Cycling facilities handed over in Soweto

Sunday, October 26, 2014

Pretoria - The Department of Environmental Affairs has handed over cycling facilities to the community of Orlando in Soweto.

“The Department of Environmental Affairs facilitated a partnership between KfW German Development Bank and the City of Johannesburg that resulted in the handing over of cycling facilities to the Orlando community in Soweto as part of a series of non-motorised transport awareness activities in October, Transport Month,” the department said in a statement on Friday.

October is commemorated as Transport Month in South Africa.

The department identified and established non-motorised transport (NMT) as one of the programmes to contribute towards the reduction of the carbon emissions in preparation for hosting the 2010 FIFA World Cup.

One way of achieving carbon neutral transportation is through the promotion of non-motorised transportation. This mode of transport has a low impact on the environment and the added benefit of promoting healthy societies.

“President Jacob Zuma announced prior to the Copenhagen United Nations Climate Change Conference in December 2009 that South Africa will implement nationally appropriate mitigation actions, which will result in the reduction of our carbon emissions by 34% by 2020 and by 42% in 2025, dependant on availability of finance and technology,” Minister of Environmental Affairs Edna Molewa said.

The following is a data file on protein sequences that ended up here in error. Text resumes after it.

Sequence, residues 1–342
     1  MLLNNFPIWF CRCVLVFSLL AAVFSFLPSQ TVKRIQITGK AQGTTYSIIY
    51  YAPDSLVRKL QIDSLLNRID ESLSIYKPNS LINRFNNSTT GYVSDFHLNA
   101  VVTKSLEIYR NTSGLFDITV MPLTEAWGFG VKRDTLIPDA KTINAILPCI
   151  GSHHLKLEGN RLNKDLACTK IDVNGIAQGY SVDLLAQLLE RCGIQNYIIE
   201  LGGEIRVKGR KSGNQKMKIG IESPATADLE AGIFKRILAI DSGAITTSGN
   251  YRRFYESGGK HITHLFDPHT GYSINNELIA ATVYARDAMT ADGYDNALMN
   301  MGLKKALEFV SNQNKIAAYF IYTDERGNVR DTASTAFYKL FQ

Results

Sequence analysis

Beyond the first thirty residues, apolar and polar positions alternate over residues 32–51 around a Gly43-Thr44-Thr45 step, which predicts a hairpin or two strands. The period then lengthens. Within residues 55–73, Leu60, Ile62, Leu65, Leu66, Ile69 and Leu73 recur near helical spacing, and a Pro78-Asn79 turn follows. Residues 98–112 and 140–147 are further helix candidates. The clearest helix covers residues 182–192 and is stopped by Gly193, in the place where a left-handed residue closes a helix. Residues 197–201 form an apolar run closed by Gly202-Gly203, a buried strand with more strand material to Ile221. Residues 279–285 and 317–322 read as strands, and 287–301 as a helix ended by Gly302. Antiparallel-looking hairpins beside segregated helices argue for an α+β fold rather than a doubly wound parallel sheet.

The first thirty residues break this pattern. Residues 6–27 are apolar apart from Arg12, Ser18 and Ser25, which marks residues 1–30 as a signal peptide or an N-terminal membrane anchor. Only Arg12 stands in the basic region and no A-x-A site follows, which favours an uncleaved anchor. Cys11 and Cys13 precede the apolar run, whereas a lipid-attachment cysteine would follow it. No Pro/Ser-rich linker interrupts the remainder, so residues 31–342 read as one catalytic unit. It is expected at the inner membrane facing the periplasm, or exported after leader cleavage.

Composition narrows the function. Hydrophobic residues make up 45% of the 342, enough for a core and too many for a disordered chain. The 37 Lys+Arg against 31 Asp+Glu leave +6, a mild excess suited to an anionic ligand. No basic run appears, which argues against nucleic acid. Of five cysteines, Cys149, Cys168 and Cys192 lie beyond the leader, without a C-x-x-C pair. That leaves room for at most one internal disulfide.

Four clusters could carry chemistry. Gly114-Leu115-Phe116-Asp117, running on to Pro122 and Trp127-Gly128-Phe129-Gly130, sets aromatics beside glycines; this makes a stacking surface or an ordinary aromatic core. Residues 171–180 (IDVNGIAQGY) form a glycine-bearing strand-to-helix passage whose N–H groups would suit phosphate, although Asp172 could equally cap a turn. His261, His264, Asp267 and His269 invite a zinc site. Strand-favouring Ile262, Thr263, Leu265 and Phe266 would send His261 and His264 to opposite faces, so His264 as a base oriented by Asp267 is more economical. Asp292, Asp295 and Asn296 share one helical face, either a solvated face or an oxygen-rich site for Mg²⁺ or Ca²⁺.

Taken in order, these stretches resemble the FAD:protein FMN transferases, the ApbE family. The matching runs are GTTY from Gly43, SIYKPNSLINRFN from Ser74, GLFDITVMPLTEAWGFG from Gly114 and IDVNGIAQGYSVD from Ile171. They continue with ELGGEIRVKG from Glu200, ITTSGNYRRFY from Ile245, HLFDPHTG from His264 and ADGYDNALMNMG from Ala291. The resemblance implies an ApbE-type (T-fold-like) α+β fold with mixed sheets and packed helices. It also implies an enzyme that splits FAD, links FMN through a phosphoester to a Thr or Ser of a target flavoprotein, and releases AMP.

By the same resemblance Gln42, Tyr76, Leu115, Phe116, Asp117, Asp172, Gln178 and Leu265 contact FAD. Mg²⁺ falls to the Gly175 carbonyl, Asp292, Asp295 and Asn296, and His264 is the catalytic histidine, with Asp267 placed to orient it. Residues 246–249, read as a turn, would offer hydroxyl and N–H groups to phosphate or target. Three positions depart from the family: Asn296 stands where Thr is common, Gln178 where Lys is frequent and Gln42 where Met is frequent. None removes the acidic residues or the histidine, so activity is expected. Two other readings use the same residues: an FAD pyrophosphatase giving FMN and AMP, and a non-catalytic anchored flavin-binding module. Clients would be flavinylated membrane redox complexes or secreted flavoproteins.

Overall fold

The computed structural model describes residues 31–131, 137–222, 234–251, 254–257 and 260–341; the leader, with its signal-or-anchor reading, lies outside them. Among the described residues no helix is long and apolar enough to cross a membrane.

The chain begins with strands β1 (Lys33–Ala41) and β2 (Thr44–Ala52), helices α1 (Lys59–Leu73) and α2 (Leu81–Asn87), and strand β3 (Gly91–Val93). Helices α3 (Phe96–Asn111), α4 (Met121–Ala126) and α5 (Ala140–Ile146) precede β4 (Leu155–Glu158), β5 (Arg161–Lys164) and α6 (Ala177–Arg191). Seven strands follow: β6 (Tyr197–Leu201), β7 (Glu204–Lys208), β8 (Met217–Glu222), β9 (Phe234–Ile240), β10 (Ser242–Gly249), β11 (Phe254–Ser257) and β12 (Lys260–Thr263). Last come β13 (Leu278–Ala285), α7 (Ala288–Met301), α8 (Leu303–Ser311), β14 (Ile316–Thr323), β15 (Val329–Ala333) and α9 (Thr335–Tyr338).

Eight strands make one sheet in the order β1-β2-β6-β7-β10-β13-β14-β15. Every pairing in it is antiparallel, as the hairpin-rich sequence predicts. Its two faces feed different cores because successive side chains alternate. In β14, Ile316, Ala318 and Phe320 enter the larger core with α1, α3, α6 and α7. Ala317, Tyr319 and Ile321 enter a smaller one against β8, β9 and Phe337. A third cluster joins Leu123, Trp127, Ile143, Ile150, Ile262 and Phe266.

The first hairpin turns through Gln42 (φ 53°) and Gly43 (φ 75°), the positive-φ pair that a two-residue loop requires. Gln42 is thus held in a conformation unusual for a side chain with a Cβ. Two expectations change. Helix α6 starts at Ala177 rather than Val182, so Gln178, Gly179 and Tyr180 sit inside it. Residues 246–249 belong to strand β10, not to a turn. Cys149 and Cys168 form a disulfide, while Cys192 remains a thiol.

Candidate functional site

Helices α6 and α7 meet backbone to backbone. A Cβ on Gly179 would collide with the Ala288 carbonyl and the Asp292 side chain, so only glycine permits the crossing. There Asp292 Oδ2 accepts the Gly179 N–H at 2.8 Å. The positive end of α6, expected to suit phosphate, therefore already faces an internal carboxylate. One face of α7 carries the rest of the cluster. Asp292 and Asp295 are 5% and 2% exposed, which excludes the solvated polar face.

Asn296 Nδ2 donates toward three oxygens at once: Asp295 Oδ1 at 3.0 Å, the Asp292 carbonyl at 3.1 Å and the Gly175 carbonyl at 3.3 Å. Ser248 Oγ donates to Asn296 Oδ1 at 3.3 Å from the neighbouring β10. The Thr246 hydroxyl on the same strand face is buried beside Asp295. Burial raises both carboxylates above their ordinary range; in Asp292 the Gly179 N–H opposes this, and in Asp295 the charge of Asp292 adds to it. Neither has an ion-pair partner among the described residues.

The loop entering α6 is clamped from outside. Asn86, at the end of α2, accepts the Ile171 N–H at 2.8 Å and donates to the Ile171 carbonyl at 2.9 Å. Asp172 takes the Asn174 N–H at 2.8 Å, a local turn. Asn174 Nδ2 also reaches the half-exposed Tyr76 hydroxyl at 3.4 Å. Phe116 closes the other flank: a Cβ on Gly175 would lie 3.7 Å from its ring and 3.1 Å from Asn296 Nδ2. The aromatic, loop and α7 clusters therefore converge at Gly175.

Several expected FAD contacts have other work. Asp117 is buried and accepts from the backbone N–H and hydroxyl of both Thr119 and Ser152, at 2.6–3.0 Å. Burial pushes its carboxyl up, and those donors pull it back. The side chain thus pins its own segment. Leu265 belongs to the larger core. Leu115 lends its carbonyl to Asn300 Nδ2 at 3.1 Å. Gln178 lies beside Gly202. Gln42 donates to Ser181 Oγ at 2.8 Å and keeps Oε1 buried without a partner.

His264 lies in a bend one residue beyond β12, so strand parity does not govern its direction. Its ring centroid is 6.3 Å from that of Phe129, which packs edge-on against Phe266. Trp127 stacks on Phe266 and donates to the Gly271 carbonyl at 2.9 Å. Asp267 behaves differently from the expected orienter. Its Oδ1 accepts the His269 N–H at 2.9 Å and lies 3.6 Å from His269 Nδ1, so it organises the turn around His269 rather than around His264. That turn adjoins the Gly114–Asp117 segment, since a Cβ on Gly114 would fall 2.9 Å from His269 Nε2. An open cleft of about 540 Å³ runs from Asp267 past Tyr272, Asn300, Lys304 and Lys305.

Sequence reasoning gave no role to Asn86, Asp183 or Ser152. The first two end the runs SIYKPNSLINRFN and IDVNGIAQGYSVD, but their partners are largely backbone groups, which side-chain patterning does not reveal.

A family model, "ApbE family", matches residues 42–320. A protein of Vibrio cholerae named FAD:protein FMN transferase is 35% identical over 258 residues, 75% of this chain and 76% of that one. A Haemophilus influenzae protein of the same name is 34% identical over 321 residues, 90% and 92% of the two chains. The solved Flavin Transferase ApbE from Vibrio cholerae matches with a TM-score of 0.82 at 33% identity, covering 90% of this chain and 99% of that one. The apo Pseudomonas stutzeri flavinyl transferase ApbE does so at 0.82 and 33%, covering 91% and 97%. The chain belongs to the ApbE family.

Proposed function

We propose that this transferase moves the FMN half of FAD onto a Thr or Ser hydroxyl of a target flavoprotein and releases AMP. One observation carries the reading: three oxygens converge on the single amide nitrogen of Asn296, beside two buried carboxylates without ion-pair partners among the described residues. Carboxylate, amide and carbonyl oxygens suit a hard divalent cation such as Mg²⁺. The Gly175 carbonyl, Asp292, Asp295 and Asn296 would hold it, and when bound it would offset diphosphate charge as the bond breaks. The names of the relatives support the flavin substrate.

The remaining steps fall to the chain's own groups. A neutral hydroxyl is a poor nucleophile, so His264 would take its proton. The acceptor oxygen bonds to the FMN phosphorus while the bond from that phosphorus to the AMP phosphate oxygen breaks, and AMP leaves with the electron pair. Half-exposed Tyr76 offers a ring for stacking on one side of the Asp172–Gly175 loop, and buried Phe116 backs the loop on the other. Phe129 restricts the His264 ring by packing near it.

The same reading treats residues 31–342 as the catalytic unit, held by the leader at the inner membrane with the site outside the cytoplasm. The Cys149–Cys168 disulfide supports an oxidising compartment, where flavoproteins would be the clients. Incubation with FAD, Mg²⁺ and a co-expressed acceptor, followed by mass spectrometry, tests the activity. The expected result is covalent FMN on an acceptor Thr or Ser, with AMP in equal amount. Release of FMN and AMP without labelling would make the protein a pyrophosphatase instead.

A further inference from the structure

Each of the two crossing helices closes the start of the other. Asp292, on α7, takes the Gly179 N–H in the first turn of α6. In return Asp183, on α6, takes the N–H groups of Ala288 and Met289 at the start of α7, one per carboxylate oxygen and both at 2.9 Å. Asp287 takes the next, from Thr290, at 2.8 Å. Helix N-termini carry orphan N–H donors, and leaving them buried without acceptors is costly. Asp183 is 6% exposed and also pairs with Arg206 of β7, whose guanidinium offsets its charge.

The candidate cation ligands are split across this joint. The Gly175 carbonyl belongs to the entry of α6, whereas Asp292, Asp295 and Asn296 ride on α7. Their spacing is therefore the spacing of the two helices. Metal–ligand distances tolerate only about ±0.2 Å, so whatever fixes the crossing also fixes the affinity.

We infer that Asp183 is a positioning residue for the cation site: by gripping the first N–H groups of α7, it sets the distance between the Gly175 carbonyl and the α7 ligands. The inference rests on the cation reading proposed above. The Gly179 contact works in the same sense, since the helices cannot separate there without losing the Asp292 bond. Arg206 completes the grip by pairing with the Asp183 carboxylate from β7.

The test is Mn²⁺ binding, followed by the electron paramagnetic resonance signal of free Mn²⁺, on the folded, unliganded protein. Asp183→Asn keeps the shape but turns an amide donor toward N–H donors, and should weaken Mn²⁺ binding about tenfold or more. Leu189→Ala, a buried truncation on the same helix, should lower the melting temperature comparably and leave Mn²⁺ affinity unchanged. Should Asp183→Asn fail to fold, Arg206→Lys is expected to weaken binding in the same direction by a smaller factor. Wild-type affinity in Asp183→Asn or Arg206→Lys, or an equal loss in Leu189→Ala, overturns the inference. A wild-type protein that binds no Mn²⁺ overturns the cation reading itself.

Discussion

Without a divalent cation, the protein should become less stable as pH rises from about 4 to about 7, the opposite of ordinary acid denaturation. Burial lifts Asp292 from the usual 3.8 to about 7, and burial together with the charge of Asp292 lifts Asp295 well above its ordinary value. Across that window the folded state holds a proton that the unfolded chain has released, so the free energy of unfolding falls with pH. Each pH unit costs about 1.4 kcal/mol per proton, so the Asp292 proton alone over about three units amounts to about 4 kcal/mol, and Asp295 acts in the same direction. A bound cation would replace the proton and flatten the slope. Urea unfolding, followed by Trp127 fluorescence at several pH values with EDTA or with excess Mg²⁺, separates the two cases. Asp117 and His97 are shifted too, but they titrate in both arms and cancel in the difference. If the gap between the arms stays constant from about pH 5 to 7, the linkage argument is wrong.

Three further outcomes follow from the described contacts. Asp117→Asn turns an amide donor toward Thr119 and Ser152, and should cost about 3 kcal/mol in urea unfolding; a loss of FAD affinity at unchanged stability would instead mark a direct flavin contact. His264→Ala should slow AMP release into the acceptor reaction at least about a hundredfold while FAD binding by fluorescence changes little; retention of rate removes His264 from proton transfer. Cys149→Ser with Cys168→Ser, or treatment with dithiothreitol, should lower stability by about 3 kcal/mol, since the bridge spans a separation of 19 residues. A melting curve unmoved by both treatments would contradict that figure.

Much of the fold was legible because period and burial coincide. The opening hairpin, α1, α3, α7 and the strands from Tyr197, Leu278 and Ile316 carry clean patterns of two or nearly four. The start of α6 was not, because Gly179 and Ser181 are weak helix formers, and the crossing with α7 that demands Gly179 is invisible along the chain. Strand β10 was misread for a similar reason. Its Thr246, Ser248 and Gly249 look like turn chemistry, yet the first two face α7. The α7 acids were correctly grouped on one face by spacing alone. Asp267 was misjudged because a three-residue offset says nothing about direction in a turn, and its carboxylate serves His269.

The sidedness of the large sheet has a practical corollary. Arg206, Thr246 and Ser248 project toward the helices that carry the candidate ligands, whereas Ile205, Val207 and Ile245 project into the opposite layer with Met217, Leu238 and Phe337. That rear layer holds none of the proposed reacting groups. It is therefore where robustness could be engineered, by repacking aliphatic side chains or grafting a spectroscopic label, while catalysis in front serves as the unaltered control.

“As a country, we further introduced the National Climate Change Response Policy. The policy sets the country’s vision for an effective climate change response and the long-term transition to a climate resilient and low-carbon economy and society.

“The Non-Motorised Transport Project is integral to the implementation of the policy’s flagship programmes, with particular focus on sustainable transport.”

The cities that have been funded through this partnership are eThekwini, Johannesburg and Polokwane. The total cost is R50 million for all three municipalities.

The NMT Project forms part of the integrated public transport, which includes routes to schools and tourism attractions. It also has as a primary objective of introducing cycling as a safe mode of transport. 

The department said that many people in Soweto already walk to work, school and public transport facilities and that there is currently a very low percentage of cyclists in the area.

“This project is thus aimed at introducing cycling as an alternative mode of transport in Soweto to begin to build a cycling culture in the area.”

The City of Johannesburg has completed the construction of 5km of walking and cycling paths in Orlando. The project was funded to the tune of R16.2 million.

The route connects schools to residential areas and facilities such as the Orlando Stadium and the police station as well as Rea Vaya BRT and railway stations.

The project includes sidewalk improvements, provision of bicycle lanes, greening and storm water management, improved street lighting and the provision of bicycle racks with associated street furniture. – SAnews.gov.za

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